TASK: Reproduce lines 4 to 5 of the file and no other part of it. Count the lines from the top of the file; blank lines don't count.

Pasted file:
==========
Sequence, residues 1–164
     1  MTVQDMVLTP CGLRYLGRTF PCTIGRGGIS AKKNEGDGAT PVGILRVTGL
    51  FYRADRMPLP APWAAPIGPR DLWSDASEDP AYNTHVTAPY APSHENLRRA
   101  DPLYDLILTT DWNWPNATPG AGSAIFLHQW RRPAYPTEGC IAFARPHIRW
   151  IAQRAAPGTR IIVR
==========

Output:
   101  DPLYDLILTT DWNWPNATPG AGSAIFLHQW RRPAYPTEGC IAFARPHIRW
   151  IAQRAAPGTR IIVR